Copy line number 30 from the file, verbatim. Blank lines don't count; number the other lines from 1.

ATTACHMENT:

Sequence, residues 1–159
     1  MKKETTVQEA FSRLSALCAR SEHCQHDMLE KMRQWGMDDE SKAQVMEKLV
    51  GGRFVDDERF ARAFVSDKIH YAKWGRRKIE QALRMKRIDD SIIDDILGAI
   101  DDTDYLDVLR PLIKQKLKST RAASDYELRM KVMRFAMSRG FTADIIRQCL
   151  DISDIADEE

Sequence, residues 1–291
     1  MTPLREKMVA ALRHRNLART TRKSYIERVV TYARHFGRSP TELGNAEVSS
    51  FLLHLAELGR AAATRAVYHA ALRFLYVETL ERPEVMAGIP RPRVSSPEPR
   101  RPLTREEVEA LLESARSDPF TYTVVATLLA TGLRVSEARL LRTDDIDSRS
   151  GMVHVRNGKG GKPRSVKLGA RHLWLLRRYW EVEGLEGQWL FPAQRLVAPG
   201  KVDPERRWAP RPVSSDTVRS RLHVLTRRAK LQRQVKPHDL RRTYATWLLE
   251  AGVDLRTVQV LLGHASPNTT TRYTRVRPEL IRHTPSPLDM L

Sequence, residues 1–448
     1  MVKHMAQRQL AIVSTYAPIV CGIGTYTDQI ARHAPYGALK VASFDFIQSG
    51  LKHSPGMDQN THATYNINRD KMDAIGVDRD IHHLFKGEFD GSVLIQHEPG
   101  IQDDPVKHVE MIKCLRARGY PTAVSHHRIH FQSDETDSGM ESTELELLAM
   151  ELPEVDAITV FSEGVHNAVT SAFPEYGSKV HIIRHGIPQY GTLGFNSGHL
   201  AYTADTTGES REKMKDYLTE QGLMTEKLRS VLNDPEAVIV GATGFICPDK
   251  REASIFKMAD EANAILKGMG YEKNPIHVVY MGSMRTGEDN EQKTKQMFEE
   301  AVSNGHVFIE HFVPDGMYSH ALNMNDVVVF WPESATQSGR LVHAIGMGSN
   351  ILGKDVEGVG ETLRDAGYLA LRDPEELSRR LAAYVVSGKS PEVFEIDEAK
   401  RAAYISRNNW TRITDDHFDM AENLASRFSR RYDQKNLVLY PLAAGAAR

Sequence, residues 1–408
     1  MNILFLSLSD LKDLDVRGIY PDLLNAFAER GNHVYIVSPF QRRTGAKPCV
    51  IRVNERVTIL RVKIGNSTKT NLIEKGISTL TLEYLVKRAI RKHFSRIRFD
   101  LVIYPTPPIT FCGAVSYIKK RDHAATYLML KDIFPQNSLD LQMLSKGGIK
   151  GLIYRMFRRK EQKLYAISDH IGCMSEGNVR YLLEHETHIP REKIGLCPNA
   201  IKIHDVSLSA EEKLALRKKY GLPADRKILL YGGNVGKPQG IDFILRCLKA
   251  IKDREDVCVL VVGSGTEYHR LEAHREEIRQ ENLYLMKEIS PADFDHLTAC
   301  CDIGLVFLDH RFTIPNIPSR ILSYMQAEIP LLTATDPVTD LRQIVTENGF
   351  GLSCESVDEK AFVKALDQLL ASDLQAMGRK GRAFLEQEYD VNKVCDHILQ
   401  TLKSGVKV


   301  CDIGLVFLDH RFTIPNIPSR ILSYMQAEIP LLTATDPVTD LRQIVTENGF